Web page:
1. Education

Grades and Grading Policies

What do Grades Really Mean


Straight A's on a Report Card
Photodisc/ Photodisc/ Getty Images
What is the purpose of grades? What do grades really mean? What is the difference between and A and a B? Why do grades even matter? All of these are important questions that teachers should consider and be prepared to answer. Why? Because the end result of a semester's worth of teaching will be summed up in one grade. And while grades in the middle school years are not typically life changing, those in high school can make a huge difference. Grades not only determine whether students will receive a diploma but on the other end of the spectrum, which schools and scholarships students are eligible to attend or receive.

One thing that should become clear after reading the last paragraph is that it is key for teachers to have a consistent and fair grading policy. Grades given for subjective assignments should be based on rubrics in order to make the grading as fair as possible. This will not only help ensure that students are given an equal chance to succeed, but will also help you if your grades are called into question.

Administrative Pressure and Grades

It is a sad but true fact that many teachers will feel pressure of some sort from the school's administration when it comes to grades. Many schools are judged based on the number of failing grades that students receive. Therefore, there is often pressure to not fail students. It would be very easy as teachers to just forego F's in all but the most egregious of circumstances. However, this could be a huge mistake. For example, say you pass a struggling student through your class even though their grades never got about the 50% mark. Years later, if it is discovered that the student in question was never taught to read, your teaching could be called into question. As teachers, we are licensed professionals which means that we are expected to be honest in our grades which become part of each student's permanent record.

Keeping the above in mind, realize that if you give out an inordinate amount of D's and F's you will be questioned by the administration. While you might have sound reasons to give out low grades, it is expected as part of your job that you will work with students to help them get passing grades in your class.

What if Everyone Fails?

If every student fails an exam you have given them, you need to take a close look at the reasons behind this. First of all, you should make sure there weren't errors in the exam that caused the students to fail. If there were, the best course of action is to throw out either the inaccurate questions or discard the entire test and start again.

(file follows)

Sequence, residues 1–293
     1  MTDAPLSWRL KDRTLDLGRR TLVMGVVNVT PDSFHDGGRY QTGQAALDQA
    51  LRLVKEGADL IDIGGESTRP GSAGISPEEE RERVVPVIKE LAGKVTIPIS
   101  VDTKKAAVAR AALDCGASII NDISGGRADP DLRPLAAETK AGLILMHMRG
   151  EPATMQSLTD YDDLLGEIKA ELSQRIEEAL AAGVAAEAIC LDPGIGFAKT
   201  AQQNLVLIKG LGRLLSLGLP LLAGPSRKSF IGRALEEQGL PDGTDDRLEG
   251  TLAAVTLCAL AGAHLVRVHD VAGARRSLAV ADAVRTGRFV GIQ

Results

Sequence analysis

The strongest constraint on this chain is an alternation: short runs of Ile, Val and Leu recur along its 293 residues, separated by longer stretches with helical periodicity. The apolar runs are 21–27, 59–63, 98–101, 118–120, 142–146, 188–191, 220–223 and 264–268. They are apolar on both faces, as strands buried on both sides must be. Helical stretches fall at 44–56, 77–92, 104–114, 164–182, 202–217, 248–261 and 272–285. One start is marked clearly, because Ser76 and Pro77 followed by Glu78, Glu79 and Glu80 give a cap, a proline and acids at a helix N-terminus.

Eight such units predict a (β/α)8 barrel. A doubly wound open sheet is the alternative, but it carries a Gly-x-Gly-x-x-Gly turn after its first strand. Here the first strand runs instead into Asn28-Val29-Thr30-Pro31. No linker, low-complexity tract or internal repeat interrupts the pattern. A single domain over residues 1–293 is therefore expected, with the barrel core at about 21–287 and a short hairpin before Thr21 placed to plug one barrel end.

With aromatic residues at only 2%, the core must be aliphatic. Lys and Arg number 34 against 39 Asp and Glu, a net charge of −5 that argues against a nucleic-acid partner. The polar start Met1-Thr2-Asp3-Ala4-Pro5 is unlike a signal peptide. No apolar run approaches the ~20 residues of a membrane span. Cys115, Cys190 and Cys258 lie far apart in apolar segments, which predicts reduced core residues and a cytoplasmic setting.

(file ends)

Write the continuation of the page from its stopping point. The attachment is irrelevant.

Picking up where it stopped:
If, on the other hand, the test seems fair and straightforward, then you have another decision to make. You should examine whether or not you gave the students all the time and help they needed to be successful on the exam. If you look back over your lessons and realize that you left out some key points or cut important lessons short, you might want to consider giving the students additional help and having them retake the test. If you believe that you did fairly cover all the items in the exam, and you believe the poor grades were due to a lack of studying, then you should definitely keep and use the exam.

Grading Should Be Transparent

One final note to close out this article. It is very important that grading be transparent for all parties. Students should know before they submit their work how it will be graded. Rubrics should be posted for all students before they even begin working on assignments. The reasons why a grade was given should be obvious to the students and their parents. Just writing a grade on the top of a long essay without any comments or additional information teaches the students nothing. Your comments are very important to their growth and understanding.

Teaching is all about helping students succeed. Only by helping them understand the "rules" for success (i.e., how to get good grades), can we truly help them thrive in our classrooms. Grading is a key part of each teacher's job, so make sure to take some time and take it seriously.

©2014 About.com. All rights reserved.